Adding events to your marketing repertoire can provide extra boost to conventional efforts, and sometimes it even brings in something that only event marketing can give: actual physical presence. Events can expand your reach to unknown territories and physically introduces your brand to new people, which is always the true essence of marketing in general.
Big or small, events require the most energy amongst various marketing strategies, especially in preparation for the actual gig.
Promotion is everything.
How you promote the event is as important – if not more – as the event itself, because even when some people could not show up, the goal is to at least make them aware of what’s happening, and that’s an important gain that could be useful in the future.
Aside from the logistics and SOPs to prepare for an event, here are some tips on how to effectively spread the word:
- Profile the attendees. It’s important to know what kind of people is expected to attend, and why they would come. Determine the target industries; infiltrate micro-business organizations and know what interests them.
- Make sure your event will not be a copycat. Months before the event, while you and your team are undergoing several brainstorming sessions, make time to snoop around for recently-concluded or upcoming events from other companies as well. They may have inadvertently adopted the same theme or concept that you’re planning, and in that case you have to make modifications. Don’t risk it; although unintentional, people will still see it as ripping off.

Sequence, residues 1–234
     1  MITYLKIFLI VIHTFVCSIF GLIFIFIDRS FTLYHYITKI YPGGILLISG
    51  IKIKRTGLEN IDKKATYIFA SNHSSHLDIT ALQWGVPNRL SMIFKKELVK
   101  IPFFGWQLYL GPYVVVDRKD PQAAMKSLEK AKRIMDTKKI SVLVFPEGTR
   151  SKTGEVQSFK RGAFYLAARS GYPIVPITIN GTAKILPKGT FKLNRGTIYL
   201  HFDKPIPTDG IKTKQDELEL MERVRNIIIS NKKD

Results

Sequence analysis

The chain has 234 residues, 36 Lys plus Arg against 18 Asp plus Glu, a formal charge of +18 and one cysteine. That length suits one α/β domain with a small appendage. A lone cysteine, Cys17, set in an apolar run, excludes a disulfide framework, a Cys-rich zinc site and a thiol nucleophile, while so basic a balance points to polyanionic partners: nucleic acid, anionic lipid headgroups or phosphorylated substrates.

- Create a buzz in cyberspace. If teenagers regularly use Facebook to promote house parties on ordinary weekends, then companies should definitely follow suit. There are tons of social business groups online that could vessel your event into other sites. And don’t settle for a Facebook page – you can create a fully-functioning website for the event where they could register and gather more info. Give them an option to invite their colleague via email.